Still more to conserve


To the Editor:

The Vineyard Conservation Society would like to express our deep appreciation for the kind letter by Melissa Lawry (“Thank you, Vineyard Conservation Society”) in last week’s Times, which called readers’ attention to our publication, “Walking Trails of Martha’s Vineyard.” Of course, we agree: the pocket-size book is truly a wonderful resource, even more so in these troubled times. But we’d also like to spread those thanks around by telling a bit about the history of the book, and the work it represents. First and foremost, the book’s creator, former staffer and longtime friend Will Flender, deserves a huge thank-you for his years of work on the project. While it may be a labor of love for Will, it is still a lot of labor.
We also want to extend our thanks to the conservation groups who shared their maps and other information for the project. As an advocacy group, VCS has over the decades helped shepherd many of the properties you see in the book to a conservation outcome. But it is those capable landholding organizations that manage and maintain them, both for public walking trails and as natural resources that sustain our Island’s environment. Collectively, private nonprofits, including Mass Audubon, Polly Hill Arboretum, Sheriff’s Meadow Foundation, the Nature Conservancy, The Trustees, and Vineyard Open Land Foundation, along with our publicly funded M.V. Land Bank, town governments, and the state Department of Conservation of Recreation, should be thanked for ensuring that these lands provide the ongoing benefits of open space that we all enjoy.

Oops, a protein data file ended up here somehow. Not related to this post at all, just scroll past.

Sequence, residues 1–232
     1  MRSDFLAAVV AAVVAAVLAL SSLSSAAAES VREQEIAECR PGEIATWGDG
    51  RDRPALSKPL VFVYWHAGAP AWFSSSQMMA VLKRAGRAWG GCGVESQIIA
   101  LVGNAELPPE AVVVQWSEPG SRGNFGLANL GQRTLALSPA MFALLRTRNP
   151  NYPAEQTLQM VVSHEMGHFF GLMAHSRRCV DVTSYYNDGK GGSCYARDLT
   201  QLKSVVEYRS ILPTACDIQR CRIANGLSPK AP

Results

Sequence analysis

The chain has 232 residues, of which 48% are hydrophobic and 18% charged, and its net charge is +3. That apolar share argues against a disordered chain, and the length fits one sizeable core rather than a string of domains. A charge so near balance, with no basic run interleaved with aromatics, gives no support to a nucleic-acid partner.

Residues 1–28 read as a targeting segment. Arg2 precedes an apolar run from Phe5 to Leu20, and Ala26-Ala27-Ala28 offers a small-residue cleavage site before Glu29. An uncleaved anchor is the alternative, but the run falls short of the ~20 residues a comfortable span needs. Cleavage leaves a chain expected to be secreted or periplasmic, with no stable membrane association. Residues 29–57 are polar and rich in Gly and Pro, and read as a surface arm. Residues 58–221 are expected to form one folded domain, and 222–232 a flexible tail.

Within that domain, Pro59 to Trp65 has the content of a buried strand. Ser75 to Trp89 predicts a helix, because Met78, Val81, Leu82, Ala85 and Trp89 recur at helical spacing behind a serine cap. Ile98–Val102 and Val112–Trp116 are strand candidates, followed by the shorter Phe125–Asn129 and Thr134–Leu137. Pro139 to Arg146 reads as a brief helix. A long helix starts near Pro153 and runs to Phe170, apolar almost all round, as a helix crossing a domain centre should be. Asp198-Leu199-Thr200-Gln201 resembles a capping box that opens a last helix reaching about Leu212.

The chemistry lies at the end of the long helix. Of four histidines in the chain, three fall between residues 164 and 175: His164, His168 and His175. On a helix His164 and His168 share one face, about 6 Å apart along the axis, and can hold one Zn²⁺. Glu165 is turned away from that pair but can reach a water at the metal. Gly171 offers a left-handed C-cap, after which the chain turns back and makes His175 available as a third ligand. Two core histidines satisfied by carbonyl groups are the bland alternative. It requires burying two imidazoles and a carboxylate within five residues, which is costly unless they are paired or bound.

Finally, we would be remiss not to note the ongoing importance of conservation efforts today. Ms. Lawry notes an impressive statistic from the book, that 37 percent of the Island’s acreage is under some form of conservation protection. Unfortunately, there is also a less rosy side of the equation. Approximately another third of the Island’s land is already built out, while another third is currently open space that is available for development.

The implications of that math are striking. As a rough approximation, what we see today as we hike, bike, and drive around this Island is two-thirds open and one-third developed land. Without further conservation efforts, in the future that ratio will be reversed. Another way to visualize it is that our existing fields and woodlands that support wildlife, but also nurture human needs for a connection with nature, will have been cut in half.

Few of us want to see that future vision of Martha’s Vineyard, so we must be careful as a community to steward wisely the ultimate fate of that final third. There is no doubt that our expanding year-round population will necessarily take up some portion of it. But it is also clear that the work of conservation is far from done.

Will Flender’s “Walking Trails of M.V.,” fifth edition, is available at many Island retailers, including Bunch of Grapes and Edgartown Books, or can be ordered (plus $5 extra for shipping) on the VCS website. 

Jeremy Houser
On behalf of Vineyard Conservation Society